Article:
But, again, there is a catch. Storage has the longest lease-up period of all the major asset classes. Storage lease-up to stabilization can take 12-48 months. The longer the lease-up to 90% the more risk to the project. It would not be a stretch at all to say that the whole storage project hinges on the feasibility study. It's in feasibility studies that you establish the actual risks to developing the project.
Moving forward on a project without knowing the risks can be catastrophic:
Questions that a developer should have solid answers for before they move forward or even purchase ground should include but not be limited to:
1. Where will a project fit in its market and its trade area?
2. What will be the strengths, opportunities, threats, and potential weaknesses of a proposed facility?
3. What will the projected lease-up be?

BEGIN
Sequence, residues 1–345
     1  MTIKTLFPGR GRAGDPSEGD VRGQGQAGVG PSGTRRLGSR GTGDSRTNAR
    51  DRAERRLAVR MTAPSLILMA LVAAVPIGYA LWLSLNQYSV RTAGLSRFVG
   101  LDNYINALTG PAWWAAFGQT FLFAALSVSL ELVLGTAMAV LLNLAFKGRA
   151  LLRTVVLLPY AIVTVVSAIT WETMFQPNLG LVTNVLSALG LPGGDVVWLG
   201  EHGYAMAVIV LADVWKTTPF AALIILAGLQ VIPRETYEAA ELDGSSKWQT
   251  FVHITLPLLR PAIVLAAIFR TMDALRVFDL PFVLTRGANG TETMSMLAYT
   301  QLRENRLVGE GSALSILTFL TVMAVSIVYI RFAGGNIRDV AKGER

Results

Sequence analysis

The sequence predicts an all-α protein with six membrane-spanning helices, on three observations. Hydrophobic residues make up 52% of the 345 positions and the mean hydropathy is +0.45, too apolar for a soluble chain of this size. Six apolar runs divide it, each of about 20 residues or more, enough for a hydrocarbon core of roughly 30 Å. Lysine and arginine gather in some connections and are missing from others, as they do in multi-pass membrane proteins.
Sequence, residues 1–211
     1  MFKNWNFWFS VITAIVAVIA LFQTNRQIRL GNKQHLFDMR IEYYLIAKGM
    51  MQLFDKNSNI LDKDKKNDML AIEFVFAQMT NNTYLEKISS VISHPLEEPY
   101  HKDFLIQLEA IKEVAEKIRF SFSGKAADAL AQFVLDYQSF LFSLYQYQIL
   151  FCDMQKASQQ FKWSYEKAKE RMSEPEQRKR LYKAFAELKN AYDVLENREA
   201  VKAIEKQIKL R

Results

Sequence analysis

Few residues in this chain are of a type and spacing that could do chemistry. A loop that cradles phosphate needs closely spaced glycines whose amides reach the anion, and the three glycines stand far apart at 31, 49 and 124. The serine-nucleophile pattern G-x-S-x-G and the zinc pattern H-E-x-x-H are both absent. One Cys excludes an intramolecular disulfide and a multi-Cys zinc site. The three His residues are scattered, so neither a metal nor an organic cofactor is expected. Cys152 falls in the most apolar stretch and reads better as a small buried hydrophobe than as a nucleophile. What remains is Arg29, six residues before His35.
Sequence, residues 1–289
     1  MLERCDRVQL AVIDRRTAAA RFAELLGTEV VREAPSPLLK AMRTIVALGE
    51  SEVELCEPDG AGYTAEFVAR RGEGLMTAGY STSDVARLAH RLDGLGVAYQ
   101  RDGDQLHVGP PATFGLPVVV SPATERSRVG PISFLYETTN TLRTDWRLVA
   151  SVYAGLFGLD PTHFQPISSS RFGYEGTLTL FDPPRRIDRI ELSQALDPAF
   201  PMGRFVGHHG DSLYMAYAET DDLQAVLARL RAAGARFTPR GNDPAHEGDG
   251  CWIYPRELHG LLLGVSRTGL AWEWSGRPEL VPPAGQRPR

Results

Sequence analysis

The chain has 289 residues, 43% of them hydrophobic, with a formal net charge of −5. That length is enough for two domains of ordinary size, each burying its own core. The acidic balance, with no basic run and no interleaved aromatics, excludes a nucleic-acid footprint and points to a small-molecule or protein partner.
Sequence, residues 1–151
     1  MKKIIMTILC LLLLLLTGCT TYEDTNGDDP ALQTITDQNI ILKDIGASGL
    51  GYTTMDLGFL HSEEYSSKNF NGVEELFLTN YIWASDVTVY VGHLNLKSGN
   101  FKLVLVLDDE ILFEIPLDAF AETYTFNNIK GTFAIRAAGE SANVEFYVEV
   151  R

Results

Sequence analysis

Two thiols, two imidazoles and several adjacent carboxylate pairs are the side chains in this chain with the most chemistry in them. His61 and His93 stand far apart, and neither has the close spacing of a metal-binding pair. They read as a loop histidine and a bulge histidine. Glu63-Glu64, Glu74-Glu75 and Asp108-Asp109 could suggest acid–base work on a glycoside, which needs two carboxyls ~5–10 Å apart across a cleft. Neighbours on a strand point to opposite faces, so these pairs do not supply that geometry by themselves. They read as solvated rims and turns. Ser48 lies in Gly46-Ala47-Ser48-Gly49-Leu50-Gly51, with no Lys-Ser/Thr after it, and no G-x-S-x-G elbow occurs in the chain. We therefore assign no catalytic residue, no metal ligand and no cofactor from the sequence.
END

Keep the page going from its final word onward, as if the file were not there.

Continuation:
4. Is the trade area ready for more supply and how much?
5. What do the existing competitors look like (how old? how big? product mix?)
6. How much will the market bear for rents?
7. What are the demographic fundamentals that will either support or take down a project?
8. Do the numbers work? Does it all pencil out?
Establishing the feasibility of a project helps to know where you stand in project risk. You would not take a trip without a plan, build a house without a budget, or purchase a car without a test drive, right?
NO PROJECT SHOULD MOVE FORWARD WITHOUT A QUALITY FEASIBILITY STUDY!
Up Next: Day 3: Self-Storage = Cash Cow: How a Feasibility Study Makes You Money?
Who is Jay Garlick?
A self-storage developer himself, Jay Garlick is the Principal at GDP Feasibility and Partner/CEO of Greenscape Development Partners which specializes in self-storage development nationwide. Garlick began doing feasibility studies in 2004. Since then he has done studies on over 400 sites in the United States. Jay has a Masters Degree in Real Estate Development (MRED) and will soon finish a second in Masters in City and Metropolitan Planning (MCMP). Jay has also been a principal in a self-storage focused architecture firm, and a construction company. Garlick has developed and or entitled his own projects coast to coast in UT, WA, MO, KS, and VA. Garlick can be reached at firstname.lastname@example.org. For more information please visit www.gdpfeasibility.com.